"Stylish and slick, BLONDE. Purple is a riveting watch that keeps you on your toes from start to finish"
Written and Directed by Marcus Flemmings, BLONDE. Purple is the story of Wyatt (Julian Moore-Cook) who, for the majority of the film is an unnamed bank robber, motivated by the dream of owning his dream car. When the bank heist goes wrong, inexperienced and out of his depth, Wyatt takes a hostage in the form of Maddison (Ellie Bindman) in order to negotiate with the cops, to get out of the bank alive.
Stylish and slick, BLONDE. Purple is a riveting watch that keeps you on your toes from start to finish. The film is largely set in the bank manager's office, but has flashbacks to before the heist, mostly involving Wyatt, but they also show how Maddison is unwittingly involved.
The film doesn't work without stellar performances from the two central leads of Moore-Cook and Bindman; these two performers have wonderful chemistry together, and are a joy to watch, they keep you on your toes with compelling backstories as you learn more about them throughout the film.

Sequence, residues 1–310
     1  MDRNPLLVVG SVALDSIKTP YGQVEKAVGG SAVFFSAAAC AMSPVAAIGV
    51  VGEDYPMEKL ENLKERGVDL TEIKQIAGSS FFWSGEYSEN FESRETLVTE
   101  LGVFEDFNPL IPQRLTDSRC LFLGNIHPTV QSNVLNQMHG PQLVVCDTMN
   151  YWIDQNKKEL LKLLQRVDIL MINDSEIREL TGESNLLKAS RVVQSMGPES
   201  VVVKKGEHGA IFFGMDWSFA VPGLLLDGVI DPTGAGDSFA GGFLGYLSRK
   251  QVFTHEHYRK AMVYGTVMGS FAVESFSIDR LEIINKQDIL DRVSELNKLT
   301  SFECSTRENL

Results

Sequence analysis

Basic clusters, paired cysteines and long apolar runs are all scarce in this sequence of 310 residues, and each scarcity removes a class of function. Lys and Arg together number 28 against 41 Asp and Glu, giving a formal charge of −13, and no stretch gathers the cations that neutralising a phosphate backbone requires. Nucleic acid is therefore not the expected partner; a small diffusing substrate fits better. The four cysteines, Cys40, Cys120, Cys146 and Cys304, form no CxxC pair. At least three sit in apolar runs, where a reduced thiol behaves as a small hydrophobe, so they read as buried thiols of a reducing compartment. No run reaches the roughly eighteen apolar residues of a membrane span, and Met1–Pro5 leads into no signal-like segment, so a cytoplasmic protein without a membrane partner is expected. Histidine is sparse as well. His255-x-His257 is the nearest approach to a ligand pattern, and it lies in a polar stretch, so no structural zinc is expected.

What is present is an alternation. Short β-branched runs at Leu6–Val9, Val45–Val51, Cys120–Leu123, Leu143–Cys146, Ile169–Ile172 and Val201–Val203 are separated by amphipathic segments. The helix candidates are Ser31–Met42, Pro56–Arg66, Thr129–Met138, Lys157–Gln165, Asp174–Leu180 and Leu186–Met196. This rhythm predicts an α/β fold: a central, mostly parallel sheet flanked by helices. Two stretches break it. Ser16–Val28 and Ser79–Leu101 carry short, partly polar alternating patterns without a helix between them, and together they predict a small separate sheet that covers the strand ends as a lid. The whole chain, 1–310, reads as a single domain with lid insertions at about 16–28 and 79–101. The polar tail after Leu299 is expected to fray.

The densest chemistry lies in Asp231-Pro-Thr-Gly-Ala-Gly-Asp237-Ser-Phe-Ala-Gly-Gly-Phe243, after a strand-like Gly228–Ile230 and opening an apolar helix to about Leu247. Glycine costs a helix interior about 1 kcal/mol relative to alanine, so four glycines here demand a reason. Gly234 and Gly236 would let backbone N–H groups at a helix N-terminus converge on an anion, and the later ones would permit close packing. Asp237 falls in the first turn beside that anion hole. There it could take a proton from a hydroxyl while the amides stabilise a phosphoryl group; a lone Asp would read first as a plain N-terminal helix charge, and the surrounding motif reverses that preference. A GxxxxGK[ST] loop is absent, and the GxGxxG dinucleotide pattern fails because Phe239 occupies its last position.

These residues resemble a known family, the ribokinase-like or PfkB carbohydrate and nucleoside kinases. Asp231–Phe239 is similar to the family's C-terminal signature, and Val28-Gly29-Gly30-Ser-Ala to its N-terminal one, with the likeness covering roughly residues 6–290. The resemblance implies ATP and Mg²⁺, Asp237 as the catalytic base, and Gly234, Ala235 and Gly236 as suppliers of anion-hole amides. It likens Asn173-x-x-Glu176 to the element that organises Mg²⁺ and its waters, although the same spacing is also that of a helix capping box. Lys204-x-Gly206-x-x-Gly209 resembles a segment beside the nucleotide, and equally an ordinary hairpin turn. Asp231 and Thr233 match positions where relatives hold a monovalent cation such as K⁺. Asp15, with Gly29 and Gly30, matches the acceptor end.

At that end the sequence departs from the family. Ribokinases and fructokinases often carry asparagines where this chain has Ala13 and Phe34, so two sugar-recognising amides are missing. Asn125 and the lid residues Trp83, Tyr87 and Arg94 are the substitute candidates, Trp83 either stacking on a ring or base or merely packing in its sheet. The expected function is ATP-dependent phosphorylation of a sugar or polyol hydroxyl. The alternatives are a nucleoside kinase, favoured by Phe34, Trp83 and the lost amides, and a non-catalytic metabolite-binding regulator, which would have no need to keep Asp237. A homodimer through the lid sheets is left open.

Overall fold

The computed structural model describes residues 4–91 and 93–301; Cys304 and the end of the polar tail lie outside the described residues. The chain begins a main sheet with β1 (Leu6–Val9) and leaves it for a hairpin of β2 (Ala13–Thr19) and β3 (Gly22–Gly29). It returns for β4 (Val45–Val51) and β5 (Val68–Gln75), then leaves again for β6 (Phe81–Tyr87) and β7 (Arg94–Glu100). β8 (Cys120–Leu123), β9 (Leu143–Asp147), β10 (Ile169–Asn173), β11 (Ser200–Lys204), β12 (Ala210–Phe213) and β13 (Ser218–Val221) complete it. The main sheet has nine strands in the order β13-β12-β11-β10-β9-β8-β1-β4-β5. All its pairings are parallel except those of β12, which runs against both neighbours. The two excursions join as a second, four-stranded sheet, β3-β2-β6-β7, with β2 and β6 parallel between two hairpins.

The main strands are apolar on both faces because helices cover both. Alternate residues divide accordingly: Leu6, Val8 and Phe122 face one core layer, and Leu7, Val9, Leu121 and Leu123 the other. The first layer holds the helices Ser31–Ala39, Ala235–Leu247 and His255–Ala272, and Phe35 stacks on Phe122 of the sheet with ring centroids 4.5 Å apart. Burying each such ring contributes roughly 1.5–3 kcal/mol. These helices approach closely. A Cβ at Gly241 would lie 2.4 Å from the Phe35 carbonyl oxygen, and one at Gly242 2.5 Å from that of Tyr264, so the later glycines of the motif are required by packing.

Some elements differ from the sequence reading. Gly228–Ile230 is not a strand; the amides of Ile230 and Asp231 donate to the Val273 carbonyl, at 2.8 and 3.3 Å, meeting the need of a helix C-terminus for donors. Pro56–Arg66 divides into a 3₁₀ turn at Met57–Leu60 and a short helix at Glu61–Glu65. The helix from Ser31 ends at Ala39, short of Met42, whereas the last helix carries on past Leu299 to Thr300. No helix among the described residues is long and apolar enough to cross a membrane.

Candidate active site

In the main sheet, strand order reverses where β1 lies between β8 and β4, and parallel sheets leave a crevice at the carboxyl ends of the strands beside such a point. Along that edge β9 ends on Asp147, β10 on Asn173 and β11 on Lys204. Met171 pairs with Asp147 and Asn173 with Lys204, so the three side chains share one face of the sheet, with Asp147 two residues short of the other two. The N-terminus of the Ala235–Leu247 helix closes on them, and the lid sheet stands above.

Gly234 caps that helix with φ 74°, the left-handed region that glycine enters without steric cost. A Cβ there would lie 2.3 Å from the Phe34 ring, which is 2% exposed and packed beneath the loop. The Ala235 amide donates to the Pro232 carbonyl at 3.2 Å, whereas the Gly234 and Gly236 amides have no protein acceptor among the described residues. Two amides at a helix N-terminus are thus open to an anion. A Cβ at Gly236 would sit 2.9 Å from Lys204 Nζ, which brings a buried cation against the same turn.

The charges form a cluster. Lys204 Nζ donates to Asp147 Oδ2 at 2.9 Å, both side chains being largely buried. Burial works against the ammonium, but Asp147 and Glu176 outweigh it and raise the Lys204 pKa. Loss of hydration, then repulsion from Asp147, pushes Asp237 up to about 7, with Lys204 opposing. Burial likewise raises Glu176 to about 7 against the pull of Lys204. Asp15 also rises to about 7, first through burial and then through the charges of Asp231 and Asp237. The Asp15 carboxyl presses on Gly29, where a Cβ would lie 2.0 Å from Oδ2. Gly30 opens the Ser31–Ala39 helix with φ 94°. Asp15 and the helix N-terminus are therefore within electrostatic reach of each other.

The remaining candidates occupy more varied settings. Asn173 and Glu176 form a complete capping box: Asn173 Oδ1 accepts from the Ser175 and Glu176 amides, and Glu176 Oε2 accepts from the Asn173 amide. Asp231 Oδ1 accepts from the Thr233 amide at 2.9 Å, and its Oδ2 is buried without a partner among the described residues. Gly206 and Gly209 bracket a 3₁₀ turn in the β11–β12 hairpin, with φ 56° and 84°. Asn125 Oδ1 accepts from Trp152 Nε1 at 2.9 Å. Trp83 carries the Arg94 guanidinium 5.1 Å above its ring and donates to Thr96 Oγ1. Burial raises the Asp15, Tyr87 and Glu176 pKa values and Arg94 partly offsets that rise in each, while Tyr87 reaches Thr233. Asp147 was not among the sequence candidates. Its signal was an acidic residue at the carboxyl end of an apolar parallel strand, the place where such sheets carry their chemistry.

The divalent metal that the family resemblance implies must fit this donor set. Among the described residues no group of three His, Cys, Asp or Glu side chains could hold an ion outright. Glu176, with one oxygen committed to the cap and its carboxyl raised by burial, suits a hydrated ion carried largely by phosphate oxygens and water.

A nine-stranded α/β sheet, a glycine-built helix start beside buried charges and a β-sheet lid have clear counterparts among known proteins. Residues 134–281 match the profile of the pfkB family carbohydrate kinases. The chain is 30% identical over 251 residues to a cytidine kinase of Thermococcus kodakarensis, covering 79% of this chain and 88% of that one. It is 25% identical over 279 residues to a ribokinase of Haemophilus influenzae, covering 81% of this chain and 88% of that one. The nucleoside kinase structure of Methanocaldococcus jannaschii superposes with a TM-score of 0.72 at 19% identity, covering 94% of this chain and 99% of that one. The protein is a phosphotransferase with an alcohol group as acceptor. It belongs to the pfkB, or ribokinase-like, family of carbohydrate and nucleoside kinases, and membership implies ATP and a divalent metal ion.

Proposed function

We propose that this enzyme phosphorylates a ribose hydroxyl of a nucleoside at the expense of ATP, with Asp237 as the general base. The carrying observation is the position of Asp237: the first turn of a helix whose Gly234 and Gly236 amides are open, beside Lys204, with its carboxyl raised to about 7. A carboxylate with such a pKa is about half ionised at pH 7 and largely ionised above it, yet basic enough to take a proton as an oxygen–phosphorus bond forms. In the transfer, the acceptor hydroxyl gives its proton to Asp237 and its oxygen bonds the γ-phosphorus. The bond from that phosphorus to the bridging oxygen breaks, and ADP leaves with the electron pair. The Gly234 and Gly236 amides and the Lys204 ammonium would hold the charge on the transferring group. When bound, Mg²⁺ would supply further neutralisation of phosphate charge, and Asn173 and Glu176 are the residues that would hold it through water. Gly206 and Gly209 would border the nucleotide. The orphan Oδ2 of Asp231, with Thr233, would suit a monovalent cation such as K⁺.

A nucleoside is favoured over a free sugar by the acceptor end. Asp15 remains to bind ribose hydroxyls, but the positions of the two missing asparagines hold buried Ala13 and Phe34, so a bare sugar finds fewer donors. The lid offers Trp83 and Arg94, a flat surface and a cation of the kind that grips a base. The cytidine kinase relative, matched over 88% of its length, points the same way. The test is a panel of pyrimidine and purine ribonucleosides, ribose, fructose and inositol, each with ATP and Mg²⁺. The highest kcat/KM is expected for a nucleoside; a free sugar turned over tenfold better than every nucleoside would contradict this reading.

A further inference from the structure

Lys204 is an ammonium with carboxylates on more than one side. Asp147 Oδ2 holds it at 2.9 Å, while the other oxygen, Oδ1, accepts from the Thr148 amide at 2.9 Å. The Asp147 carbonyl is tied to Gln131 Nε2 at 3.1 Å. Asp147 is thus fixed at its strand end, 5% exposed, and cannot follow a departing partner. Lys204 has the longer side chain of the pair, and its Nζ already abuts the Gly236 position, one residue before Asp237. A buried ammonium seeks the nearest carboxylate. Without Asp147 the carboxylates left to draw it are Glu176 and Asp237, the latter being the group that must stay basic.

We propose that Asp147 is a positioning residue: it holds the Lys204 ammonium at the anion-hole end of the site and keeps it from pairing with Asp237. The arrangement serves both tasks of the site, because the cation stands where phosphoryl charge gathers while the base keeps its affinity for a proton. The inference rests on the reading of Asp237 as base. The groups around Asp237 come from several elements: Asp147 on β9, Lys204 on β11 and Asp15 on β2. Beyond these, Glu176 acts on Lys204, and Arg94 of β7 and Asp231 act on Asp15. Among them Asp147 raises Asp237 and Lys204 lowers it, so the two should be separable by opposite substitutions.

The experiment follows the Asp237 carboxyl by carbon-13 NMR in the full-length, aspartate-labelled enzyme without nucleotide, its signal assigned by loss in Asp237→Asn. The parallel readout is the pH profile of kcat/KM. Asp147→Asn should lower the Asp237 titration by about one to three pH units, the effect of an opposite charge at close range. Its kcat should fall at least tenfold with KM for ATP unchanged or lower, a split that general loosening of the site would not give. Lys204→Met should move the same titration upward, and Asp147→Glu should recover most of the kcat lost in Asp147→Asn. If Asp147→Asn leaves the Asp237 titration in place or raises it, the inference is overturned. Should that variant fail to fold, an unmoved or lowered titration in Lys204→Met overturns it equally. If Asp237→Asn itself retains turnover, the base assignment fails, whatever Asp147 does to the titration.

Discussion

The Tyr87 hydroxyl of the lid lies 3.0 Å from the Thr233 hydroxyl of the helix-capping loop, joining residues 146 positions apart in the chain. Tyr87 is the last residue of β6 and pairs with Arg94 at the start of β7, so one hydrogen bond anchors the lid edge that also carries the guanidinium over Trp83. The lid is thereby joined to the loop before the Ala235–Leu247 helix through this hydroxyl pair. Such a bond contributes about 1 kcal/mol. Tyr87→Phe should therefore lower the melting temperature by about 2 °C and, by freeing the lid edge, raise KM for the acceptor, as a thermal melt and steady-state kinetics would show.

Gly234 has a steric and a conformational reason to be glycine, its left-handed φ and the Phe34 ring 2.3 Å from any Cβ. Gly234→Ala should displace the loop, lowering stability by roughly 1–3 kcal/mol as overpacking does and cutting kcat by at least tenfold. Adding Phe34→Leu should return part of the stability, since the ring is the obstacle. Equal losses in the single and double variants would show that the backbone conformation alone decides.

To say too much about the film would be a disservice, since the best way to see the film is to know little to nothing about it before you watch it. Packed full of smart sequences and references, BLONDE. Purple is an engaging film from start to finish and just goes to show that contained stories set in one location can work and you'll find yourself rooting for Protagonist and Antagonist at the same time.
As I said above, the central performances of Bindman and Moore-Cook are compelling and a joy to watch, these two have terrific careers ahead of them.